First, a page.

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Kiwis vs. Oranges

by
author image Melodie Anne
Melodie Anne Coffman specializes in overall wellness, with particular interests in women's health and personal defense. She holds a master's degree in food science and human nutrition and is a certified instructor through the NRA. Coffman is pursuing her personal trainer certification in 2015.
Kiwis vs. Oranges
Close-up of a man eating a kiwi. Photo Credit Stockbyte/Stockbyte/Getty Images

Kiwis and oranges are naturally low in calories and loaded with beneficial nutrients. Both fruits originated in Asia, but can be grown in various regions throughout the U.S. Oranges, as well as kiwis, grow anywhere that has ample sun, such as California and Florida. Peak season for oranges is winter, while kiwis peak in the late fall. Although both of these fruits have some similarities, their nutritional content can vary.

Calories

Oranges provide more calories per fruit, but this is mainly because oranges are larger. An orange that is a little less than 3 inches in diameter, weighs about 140 grams and provides 70 calories. A 2-inch kiwi, weighing 70 grams, has only about 45 calories.

Carbohydrates

Calories in kiwis and oranges come primarily from carbohydrates, but they do have trace amounts of fat and protein. An orange contains a little more than 17 grams of carbs, while a kiwi has 10 grams. Carbohydrates provide 4 calories per gram, totaling 68 calories from carbs in an orange and 40 calories from carbs in a kiwi.

Vitamin C

Kiwis and oranges are both rich in vitamin C. This important vitamin keeps your immune system strong, improves blood flow and aids in wound healing. Both fruits provide about 70 milligrams of vitamin C, almost all of the vitamin C you need for the entire day. Women require 75 milligrams, while men need up to 90 milligrams.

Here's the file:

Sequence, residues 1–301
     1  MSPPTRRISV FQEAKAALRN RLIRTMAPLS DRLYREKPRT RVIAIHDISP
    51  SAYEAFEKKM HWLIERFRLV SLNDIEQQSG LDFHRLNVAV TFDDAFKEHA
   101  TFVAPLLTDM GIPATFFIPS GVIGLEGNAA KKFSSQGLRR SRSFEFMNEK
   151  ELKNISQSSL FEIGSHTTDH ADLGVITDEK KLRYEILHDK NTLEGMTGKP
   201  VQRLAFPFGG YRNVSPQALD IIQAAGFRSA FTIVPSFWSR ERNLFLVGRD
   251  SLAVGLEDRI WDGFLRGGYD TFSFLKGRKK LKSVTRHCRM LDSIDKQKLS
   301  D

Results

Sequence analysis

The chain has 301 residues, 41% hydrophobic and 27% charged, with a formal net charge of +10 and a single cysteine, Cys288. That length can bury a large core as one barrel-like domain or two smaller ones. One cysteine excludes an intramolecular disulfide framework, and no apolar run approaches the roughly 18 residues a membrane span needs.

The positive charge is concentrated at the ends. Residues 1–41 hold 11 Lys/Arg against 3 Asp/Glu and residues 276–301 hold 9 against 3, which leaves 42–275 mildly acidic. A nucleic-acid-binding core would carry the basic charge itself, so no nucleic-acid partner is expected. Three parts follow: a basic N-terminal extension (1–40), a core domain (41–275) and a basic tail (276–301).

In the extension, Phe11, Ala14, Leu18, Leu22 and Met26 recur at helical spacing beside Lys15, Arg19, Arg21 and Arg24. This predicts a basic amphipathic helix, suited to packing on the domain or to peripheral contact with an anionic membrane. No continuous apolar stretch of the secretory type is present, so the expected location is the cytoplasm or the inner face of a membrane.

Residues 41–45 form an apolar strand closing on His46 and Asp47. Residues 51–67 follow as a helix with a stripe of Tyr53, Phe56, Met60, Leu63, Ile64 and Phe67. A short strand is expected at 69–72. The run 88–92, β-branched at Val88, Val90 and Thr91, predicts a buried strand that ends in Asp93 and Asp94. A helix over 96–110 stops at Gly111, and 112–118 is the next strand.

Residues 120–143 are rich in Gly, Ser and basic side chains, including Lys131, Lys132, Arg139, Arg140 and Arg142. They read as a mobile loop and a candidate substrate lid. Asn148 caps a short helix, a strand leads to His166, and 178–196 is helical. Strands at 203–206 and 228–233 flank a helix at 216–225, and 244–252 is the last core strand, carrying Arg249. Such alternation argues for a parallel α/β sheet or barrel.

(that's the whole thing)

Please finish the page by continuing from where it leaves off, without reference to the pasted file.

Fiber

Your body uses fiber to help pass through digested food, keeping your bowel movements regular. The soft parts of kiwis and oranges contain soluble fiber, while the tough, fibrous textures are full of insoluble fiber. While both types are equally important, they each play a different role. Soluble fiber soaks up water, creating a gel-like substance that slows digestion. Insoluble fiber stays intact and sweeps through the gut, creating a bulkier stool. A kiwi provides 2 grams of fiber per fruit, while an orange has 3 grams. You should consume about 14 grams of fiber for every 1,000 calories you have in your diet, suggests Colorado State University. For example, if you follow a 2,000-calorie diet you need 28 grams of fiber per day.

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